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Pandemic Voices Cannot Be Silenced

I am a surgeon. These are unprecedented times. The economy of our entire country was shut down to curb the spread of the Coronavirus. The number of those infected and the number who have died grow exponentially. The resources of our resource full United States are stretched thin as cities and states fight for personal protective equipment, ventilators and health care workers who are working constantly and exhausted.

Unlike war time, journalists cannot easily report from the front lines as they would use valuable protective gear. The public gets its stories from the hospital bedside and Intensive Care directly from health providers – the doctors, nurses, assistants, respiratory technologists, lab workers, cleaning staff.

Through their eyes and from their mouths come heartbreaking stories of sorrow, suffering and death.

Now healthcare administrators are censoring doctors and nurses for posting updates or talking to the news about their hectic work fighting this pandemic. Hospitals do not want to look bad or unprepared. Early in the pandemic, in some hospitals, employees were forbidden or punished for walking about with a mask – which apparently sent the wrong message of an uncontrolled crisis.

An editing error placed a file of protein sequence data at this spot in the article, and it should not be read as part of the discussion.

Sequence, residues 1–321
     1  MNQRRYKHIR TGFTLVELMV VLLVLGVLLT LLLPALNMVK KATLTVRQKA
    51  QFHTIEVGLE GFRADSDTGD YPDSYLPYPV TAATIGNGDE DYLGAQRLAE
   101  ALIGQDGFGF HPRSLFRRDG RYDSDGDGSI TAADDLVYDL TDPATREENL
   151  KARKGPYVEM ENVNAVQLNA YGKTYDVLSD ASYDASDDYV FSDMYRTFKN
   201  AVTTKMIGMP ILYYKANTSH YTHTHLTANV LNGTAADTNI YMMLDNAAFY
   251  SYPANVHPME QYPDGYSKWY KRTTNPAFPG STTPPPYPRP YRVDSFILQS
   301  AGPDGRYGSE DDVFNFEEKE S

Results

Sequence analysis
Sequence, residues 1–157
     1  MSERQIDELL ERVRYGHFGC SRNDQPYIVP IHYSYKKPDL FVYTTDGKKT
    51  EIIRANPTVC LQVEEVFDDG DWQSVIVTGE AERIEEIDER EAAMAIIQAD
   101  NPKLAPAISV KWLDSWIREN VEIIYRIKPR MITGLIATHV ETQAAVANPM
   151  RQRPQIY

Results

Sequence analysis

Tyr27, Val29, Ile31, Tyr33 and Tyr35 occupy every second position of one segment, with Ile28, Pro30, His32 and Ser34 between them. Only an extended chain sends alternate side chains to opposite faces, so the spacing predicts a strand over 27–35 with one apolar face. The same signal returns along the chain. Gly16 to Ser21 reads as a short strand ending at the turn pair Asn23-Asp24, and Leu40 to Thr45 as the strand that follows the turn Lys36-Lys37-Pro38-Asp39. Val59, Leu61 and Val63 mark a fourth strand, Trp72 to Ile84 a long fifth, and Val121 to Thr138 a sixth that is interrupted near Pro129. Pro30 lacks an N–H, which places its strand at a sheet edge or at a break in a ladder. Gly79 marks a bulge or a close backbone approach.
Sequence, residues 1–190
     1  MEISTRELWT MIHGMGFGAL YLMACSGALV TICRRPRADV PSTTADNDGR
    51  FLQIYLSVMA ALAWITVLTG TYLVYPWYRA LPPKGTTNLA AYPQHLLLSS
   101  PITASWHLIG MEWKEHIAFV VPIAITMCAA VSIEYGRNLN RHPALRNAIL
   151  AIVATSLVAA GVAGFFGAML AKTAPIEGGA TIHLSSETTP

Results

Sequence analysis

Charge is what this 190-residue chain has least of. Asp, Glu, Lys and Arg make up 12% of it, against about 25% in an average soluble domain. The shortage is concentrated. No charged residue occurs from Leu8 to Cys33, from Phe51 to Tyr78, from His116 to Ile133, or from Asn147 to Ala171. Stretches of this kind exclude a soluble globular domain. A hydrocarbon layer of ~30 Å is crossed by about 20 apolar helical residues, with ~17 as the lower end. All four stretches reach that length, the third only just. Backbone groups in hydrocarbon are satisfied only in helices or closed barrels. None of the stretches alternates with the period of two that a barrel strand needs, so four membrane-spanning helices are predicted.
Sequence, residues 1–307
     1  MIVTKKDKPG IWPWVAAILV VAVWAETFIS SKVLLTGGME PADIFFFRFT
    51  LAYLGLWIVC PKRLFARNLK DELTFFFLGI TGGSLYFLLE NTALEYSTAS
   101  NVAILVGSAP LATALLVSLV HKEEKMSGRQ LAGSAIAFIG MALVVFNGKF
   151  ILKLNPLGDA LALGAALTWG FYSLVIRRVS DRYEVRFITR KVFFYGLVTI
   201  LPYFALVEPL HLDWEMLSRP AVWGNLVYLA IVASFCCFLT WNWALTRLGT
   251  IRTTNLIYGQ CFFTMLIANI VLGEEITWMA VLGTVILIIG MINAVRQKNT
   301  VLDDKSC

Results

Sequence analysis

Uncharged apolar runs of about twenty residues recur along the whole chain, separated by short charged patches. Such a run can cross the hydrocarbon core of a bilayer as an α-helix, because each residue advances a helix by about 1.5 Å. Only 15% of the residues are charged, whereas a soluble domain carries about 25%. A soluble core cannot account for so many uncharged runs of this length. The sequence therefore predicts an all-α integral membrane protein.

The Washington Post reported on a doctor in Bellingham, Washington who was fired for his Facebook post stating he and his staff did not have a sufficient supply of personal protective equipment. That Post author was also told not to share personal stories with the press. Other healthcare workers are warned to get permission from hospital administration, before speaking to the media.

Now many doctors and nurses are staying silent and refusing media requests for interviews and comment for fear of reprisal. Truly the Washington Post tagline “democracy dies in darkness” is apt.